Approaching Inference Questions on the GMAT

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Approaching Inference Questions on the GMAT

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What is GMAT? 

Graduate Management Admission Test is one of the prime requirements for any MBA application. It is the foremost eligibility criteria. In fact, most students choose to apply to certain schools based on the score they have achieved. Either way, once you’ve made up your mind to sit for a GMAT test, it is imperative that you spend some time preparing for the same. 
The test is divided into four sections comprising of Analytical Writing (30), Integrated Reasoning (30), Quantitative (62) and Verbal (65). The 3.07 mins long test is question adaptive, and the difficulty level keeps increasing based on the performance of the test taker. This is one test where we should get excited when we see harder questions as it clearly means we have overcome the medium questions accurately!

The Verbal section is usually harder and most students’ score lower compared to the Quantitative section. The score is scaled from 0-60. The overall score is out of 800 with a separate score for IR and AWA. The verbal sections contains 36 questions divided into 3 main types: Sentence Correction (13-6), Critical Reasoning (10-13) and Reading Comprehension (11-14). The average time per question is 1.8 mins.

Sentence Correction: This section tests your ability to identify and apply grammatical rules to construct logically sound sentences. Focus on the fact that the test is designed to see if you’re able to identify logical flaws in the sentences rather than identify the names of rules which govern them. So, while preparing focus on application of the rules rather than trying to memorize them. Each sentence will have an underlined portion which may have between 0-2 errors. Check for structural errors, stylistic errors as well as options which change the meaning of the statement itself. Once the concept are clear, start correcting those sentences!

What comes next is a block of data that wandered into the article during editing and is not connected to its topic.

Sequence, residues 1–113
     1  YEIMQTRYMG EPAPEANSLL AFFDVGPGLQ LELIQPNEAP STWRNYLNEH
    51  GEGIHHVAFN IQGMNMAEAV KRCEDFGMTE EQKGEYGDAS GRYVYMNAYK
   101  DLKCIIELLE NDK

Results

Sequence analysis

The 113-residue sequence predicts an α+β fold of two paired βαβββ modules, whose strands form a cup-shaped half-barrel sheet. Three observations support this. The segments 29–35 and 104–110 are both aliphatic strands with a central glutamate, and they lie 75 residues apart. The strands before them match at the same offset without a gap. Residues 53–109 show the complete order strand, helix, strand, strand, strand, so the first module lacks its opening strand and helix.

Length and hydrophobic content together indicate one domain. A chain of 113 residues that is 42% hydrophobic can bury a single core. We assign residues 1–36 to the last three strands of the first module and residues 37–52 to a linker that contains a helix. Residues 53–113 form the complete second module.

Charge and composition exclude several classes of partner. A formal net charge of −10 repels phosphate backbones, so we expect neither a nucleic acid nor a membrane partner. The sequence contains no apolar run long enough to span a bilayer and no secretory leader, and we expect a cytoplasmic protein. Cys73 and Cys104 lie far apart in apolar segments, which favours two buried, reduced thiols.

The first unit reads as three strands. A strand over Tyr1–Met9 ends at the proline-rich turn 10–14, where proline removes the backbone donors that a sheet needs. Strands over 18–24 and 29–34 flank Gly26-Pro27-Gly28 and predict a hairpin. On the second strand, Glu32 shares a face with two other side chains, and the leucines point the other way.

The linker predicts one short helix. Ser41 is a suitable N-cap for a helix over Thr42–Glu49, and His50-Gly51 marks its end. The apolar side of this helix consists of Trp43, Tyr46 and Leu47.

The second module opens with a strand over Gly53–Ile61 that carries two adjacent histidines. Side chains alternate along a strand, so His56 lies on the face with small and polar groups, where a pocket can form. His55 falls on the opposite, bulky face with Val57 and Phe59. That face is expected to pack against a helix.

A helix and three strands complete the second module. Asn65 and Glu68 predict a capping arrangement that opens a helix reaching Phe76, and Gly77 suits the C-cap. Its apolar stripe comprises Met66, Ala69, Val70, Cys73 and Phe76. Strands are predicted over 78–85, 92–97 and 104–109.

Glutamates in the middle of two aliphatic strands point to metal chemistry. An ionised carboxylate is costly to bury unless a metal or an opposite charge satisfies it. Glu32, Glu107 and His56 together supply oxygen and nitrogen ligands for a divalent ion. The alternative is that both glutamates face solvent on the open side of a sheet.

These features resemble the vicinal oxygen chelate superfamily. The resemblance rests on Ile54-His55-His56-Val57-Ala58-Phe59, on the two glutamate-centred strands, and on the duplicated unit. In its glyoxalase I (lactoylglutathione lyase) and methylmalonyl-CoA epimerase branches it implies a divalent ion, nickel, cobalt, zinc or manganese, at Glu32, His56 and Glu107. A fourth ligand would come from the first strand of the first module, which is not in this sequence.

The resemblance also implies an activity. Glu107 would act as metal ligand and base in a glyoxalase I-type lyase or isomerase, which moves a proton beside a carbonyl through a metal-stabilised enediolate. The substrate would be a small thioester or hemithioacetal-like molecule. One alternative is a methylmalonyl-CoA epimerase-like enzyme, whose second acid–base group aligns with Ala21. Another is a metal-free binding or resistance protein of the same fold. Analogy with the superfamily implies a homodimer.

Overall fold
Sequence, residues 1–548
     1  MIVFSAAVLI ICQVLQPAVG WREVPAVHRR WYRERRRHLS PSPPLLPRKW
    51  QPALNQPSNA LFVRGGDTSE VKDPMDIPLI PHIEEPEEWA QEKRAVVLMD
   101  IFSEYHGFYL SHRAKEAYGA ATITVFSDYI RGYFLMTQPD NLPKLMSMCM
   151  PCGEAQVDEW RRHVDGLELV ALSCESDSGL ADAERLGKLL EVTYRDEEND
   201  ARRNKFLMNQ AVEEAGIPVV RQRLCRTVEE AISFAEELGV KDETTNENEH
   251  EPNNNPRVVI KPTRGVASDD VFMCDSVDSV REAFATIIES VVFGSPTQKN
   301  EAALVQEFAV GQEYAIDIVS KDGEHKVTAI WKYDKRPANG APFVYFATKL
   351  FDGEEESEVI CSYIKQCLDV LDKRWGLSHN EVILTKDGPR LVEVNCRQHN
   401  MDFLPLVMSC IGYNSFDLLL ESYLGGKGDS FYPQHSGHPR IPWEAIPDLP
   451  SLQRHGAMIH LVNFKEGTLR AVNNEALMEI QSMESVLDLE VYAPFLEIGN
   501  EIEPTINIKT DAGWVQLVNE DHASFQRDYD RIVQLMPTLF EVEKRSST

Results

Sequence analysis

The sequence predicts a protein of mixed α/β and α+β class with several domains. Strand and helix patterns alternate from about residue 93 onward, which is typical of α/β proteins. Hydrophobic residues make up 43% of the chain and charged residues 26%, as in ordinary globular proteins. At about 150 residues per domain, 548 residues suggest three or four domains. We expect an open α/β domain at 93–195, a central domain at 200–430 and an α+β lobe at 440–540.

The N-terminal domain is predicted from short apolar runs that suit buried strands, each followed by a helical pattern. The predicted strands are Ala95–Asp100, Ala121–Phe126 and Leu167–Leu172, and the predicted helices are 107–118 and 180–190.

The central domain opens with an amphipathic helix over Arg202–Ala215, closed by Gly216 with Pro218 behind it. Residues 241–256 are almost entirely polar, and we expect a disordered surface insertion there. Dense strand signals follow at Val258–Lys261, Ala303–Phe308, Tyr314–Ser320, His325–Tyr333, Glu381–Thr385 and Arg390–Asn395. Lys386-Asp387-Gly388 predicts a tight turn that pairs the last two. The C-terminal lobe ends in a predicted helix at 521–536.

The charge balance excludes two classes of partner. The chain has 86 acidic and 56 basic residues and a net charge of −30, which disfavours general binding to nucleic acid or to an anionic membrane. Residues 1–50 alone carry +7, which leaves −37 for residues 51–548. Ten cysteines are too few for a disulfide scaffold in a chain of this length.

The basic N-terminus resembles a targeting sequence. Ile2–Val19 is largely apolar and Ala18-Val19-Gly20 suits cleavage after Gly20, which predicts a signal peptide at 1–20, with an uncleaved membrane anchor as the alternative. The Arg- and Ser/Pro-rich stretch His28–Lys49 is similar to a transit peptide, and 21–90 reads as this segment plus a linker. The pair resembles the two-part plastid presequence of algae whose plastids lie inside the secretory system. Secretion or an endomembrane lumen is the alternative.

Critical Reasoning: One of the most interesting types of question assesses your ability to analyze a given argument. Once you analyze, you are expected to strengthen, weaken, find the underlying assumption, explain the paradox etc. The argument forces you to think within the box and work only with the given facts and premises. One of the easiest strategies is to simplify the language, identify the conclusion and then work on what the question expects you to do. Once the conclusion is clear in your mind working towards proving it right or wrong or justifying it becomes easier. Let’s fix those arguments!
Reading Comprehension: The test presents you with 3 short texts and one long text or 2 short and 2 long texts from varied fields such as humanities, business, social and natural sciences. The questions will challenge your understanding of complex information, ability to draw inferences, highlight flaws in the reasoning, etc.

So, as you can see the entire Verbal section evaluates your grasp over the language from the GMAT perspective. In our master class we plan to work on the hardest of the hardest questions. We love a good challenge and therefore design our class to focus on only the toughest of the lot. So if you’re already at a 650-680 and are trying to push your way up to the 700’s and above, this class is definitely for you. 


Speaker - Vineet Nanda

Vineet Nanda has 11 Years of Experience in Delivering Verbal Ability & Communication-related Training on All Study Abroad Programs. His areas of specialization are GMAT, GRE, SAT, ACT, UCAT,  LNAT, IELTS, TOEFL & PTE.

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